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Thirty years after the peak of school integration nationwide, that progress has unraveled. Could the outcome in Buffalo, N.Y., offer lessons on America’s pressing need to address racial separation? Part of an occasional series, Learning Together.
Ann Scott Tyson found reporting especially challenging in the western region of Xinjiang, where she went to witness the impact of China’s forced ‘reeducation’ of its Uyghur minority. But that work produced a rare and nuanced look at the project’s effect.
As the FBI investigates this week sexual assault allegations against Supreme Court nominee Brett Kavanaugh, many have begun to zero in on a cultural ambivalence about how boys are trained to be men.
Our writer stays at an outpost run by famed ecologist Thomas Lovejoy to find out about climate change and saving the world’s most important rainforest. It's a tale of bearded monkeys, exotic birds, and no snakes.
It isn't easy for the conquered to see the contributions that a conqueror made to their country. It's even harder when that conqueror is Genghis Khan in Russia. But in the republic of Buryatia, the view is indeed shifting. Third in a five-part series.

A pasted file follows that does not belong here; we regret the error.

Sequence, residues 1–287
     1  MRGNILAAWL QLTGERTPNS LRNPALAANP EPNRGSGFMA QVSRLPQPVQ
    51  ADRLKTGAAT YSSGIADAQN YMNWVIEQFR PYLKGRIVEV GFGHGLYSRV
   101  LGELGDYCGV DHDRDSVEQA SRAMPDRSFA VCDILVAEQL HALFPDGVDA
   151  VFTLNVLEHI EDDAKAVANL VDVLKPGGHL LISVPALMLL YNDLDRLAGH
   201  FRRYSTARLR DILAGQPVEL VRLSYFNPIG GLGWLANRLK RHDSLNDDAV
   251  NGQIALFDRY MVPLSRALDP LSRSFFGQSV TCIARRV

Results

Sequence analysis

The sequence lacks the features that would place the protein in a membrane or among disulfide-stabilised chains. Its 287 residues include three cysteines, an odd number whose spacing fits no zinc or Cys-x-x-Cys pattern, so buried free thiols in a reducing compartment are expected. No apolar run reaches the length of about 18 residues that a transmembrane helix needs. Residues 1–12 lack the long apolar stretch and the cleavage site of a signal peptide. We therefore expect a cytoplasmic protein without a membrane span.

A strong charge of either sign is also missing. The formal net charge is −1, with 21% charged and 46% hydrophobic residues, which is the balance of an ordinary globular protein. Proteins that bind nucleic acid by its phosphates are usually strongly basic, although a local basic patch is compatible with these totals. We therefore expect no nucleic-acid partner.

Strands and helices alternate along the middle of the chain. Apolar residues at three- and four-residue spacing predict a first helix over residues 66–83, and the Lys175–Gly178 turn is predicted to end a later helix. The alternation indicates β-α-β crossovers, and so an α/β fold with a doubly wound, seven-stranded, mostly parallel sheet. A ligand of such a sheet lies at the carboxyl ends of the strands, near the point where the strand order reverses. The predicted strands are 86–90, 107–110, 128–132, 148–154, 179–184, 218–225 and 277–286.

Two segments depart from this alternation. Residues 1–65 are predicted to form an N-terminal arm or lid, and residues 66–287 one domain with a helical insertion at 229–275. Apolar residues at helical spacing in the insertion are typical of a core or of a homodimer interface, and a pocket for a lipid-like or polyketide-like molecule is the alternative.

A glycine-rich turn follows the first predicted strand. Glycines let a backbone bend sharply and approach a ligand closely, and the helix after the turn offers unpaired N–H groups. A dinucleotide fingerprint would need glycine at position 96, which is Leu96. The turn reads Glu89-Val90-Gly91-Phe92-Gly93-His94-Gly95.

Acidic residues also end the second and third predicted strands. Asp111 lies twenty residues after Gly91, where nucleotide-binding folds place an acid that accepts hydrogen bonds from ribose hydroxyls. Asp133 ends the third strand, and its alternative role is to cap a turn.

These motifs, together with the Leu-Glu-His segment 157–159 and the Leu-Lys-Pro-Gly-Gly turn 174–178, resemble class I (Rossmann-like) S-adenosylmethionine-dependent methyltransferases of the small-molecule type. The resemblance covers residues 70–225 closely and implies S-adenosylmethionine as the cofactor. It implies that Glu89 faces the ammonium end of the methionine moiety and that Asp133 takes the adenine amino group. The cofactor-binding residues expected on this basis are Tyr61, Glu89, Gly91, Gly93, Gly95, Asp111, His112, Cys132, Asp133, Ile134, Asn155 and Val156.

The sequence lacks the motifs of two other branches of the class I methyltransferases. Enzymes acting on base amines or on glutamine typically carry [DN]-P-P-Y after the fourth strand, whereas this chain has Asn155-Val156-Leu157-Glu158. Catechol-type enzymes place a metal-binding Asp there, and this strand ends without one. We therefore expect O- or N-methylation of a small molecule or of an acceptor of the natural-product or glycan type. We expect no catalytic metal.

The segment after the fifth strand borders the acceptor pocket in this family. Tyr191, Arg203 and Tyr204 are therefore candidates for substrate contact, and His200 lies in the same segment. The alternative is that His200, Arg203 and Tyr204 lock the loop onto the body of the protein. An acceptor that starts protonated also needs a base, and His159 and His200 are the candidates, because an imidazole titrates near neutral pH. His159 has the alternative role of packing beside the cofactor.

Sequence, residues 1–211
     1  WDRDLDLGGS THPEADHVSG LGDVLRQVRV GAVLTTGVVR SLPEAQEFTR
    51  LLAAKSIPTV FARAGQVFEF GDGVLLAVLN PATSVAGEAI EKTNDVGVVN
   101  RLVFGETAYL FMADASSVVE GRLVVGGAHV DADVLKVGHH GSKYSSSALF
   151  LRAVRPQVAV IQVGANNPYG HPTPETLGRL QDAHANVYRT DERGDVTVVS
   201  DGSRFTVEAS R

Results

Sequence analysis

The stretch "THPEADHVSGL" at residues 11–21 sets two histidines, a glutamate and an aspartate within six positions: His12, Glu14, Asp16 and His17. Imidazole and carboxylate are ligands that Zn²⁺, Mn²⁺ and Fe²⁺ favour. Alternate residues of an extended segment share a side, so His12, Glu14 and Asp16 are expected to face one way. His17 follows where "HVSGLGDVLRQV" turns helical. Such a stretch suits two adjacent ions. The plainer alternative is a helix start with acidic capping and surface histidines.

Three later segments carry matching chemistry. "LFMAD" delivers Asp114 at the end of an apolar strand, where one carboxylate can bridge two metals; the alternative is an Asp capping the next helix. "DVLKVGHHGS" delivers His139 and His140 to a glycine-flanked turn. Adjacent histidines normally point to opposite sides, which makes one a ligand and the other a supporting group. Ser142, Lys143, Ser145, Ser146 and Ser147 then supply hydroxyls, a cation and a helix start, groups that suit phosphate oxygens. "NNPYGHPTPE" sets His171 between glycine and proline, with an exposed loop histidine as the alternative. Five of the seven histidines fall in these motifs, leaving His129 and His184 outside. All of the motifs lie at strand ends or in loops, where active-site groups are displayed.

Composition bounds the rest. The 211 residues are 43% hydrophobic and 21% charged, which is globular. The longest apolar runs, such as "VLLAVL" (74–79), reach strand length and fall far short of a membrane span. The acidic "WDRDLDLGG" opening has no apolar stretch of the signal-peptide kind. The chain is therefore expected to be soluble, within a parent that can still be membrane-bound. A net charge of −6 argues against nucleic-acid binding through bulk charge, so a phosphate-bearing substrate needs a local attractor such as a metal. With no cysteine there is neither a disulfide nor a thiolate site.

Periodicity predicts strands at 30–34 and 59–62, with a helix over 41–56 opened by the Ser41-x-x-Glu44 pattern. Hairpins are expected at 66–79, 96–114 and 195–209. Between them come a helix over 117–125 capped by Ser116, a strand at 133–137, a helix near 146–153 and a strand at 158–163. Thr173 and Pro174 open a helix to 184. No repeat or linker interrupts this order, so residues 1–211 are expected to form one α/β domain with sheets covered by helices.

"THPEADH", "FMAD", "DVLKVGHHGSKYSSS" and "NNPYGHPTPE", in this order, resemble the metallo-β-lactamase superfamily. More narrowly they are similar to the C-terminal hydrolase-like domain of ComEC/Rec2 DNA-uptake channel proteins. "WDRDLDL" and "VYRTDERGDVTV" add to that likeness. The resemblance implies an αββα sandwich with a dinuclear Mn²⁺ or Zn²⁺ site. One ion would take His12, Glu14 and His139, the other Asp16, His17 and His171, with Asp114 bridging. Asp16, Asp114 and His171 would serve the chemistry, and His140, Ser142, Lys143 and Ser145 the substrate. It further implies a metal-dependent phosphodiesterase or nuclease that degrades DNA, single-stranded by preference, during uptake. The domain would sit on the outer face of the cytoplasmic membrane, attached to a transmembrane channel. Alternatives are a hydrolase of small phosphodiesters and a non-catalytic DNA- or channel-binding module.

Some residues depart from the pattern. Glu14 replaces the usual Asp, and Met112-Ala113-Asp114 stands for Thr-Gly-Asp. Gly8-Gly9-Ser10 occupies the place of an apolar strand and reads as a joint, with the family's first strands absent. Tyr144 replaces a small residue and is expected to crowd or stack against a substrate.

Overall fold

America’s political structure has survived serious challenges in the past. But partisanship linked to cultural and racial identity, and sorted by geography, is testing it in ways the Founding Fathers never envisioned.
Maiduguri has endured Boko Haram attacks for nearly a decade. But many Nigerians here try to carry on with their normal lives – including the city’s tradition of tolerance.
Giselle Mörch realized how much the concept of forgiveness had always been an abstraction for her. But now, confronted with the call to forgive in a way she could never have imagined, it has become something more wrenching and tumultuous, she says.
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